By Elizabeth Lowe
As a young student, I learned about our nation’s history, including the March on Washington for Jobs and Freedom, which drew hundreds of thousands demanding equality for blacks to Washington, D.C., on Aug. 28, 1963.
My classmates and I read that the march is credited with helping pass the Civil Rights Act of 1964, which barred racial discrimination, and the Voting Rights Act of 1965, which prohibited voting discrimination. We listened to recordings of the Rev. Dr. Martin Luther King Jr.’s rousing “I Have a Dream” speech.
The best way for me and my fellow Millennials – those who grew up in what is supposed to be a post-racial society – to fully grasp the march and how it transformed the United States, however, is by talking to people who participated in it or lived through those times.
Bob Duckworth, a parishioner of St. Elizabeth Ann Seton in Crofton, attended the march as a 23-year-old student at The Catholic University of America in Washington, D.C.
“It was quite an event, one of the most memorable in my lifetime,” said Duckworth, 73, clerk of the Anne Arundel County Circuit Court. “I thought I could make a contribution by being in the march. At the time I didn’t realize history was being made. Racial inequality at the time was terrible. It was a time for change and great change did come.”
Duckworth, who is white, recalls a diverse crowd gathered on that hot, humid August day.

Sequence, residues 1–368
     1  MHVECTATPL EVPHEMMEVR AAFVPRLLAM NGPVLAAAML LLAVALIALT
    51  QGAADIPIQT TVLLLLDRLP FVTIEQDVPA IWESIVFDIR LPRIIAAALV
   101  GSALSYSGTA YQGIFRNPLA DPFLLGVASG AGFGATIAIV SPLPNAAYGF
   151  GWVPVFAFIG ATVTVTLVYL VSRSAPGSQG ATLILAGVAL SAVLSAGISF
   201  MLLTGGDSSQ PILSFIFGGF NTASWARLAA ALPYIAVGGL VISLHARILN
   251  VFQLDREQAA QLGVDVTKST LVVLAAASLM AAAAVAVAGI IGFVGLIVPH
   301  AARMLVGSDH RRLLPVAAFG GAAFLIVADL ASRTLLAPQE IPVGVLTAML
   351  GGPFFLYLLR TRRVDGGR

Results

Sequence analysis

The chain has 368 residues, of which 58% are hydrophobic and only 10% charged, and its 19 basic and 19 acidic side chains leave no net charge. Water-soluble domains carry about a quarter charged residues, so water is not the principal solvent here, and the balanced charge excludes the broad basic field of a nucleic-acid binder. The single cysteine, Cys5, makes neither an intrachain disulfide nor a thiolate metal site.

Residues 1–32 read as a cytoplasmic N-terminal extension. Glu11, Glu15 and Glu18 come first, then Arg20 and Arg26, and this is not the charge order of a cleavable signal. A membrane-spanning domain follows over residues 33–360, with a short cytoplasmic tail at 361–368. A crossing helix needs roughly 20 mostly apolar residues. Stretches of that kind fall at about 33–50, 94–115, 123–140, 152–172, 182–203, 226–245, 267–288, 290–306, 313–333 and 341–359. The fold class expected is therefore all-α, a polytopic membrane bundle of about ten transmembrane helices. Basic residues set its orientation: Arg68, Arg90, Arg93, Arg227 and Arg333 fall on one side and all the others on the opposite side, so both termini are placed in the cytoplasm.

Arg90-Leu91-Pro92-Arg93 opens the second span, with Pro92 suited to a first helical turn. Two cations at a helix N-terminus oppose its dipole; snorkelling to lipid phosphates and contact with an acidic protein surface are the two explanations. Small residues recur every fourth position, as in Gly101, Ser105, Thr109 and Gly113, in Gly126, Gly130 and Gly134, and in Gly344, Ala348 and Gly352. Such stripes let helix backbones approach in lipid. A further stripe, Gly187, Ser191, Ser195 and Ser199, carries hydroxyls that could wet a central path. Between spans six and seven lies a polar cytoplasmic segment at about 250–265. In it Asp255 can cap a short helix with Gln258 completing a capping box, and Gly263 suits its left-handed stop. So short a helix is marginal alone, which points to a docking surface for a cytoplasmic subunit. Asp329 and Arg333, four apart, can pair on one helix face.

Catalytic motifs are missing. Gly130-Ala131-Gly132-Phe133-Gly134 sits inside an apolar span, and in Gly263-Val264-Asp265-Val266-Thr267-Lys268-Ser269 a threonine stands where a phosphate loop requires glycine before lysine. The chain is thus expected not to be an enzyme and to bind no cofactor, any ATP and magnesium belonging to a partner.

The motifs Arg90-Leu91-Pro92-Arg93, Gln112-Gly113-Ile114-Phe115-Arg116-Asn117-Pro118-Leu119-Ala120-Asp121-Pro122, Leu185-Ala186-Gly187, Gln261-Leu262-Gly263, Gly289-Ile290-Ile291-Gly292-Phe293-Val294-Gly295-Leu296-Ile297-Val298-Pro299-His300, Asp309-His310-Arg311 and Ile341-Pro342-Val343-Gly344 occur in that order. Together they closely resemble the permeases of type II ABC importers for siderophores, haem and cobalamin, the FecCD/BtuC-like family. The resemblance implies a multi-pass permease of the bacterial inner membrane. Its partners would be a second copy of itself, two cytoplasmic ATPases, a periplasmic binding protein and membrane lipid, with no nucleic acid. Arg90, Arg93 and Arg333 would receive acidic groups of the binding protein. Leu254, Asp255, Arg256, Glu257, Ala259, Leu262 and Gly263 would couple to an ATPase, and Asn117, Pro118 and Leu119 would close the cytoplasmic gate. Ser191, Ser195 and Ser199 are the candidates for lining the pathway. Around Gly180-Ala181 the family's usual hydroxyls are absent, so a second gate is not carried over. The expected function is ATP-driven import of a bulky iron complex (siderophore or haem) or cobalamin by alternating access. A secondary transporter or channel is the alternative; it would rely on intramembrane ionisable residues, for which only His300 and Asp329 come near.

“The most important thing I remember is how the crowd became electrified with the cadence of the (King) speech,” he said. “That speech built up at the very end where he said ‘Great God almighty we are free at last.’ The crowd erupted. I’m so happy that here we are, 50 years later, still talking about it.”
Therese Wilson Favors, an eighth-grader at the former St. Cecilia School in West Baltimore in 1963, begged her mother to let her go to Washington.
“My mother wouldn’t let me because she thought I was too young,” said Favors, former director of the Office of African American Catholic Ministries for the Archdiocese of Baltimore and still a parishioner of St. Cecilia. “We all watched as much as we could on the news.”
A few years later, Favors and a friend, who were students at St. Frances Academy in East Baltimore, heard King speak at Coppin State University.
“When he was leaving, we were almost at arm’s length to touch Dr. King,” said Favors, who couldn’t stop talking about that moment for months.
Father Donald A. Sterling, pastor of New All Saints in Liberty Heights, was 15 years old and vacationing on Maryland’s Eastern Shore during the march.
“I remember the TV and radio coverage,” Father Sterling said. “It was awesome to see and imagine that many people in D.C. I had never heard a black leader in that context.”
Agnes Welch, 88, a parishioner of St. Edward in Baltimore and a former member of the Baltimore City Council, remembers King’s speech and the march’s impact.
“We had a lot of hope that change was coming,” said Welch, who watched the speech on TV in her Baltimore home. “The very sound of his voice kind of inspired you. It’s not only a powerful speech; it’s a teaching moment to know change is going to come and we need to love one another.”
The people Welch knew who attended the march were inspired.
“They came back to Baltimore and tried to change things and work toward integration,” she said.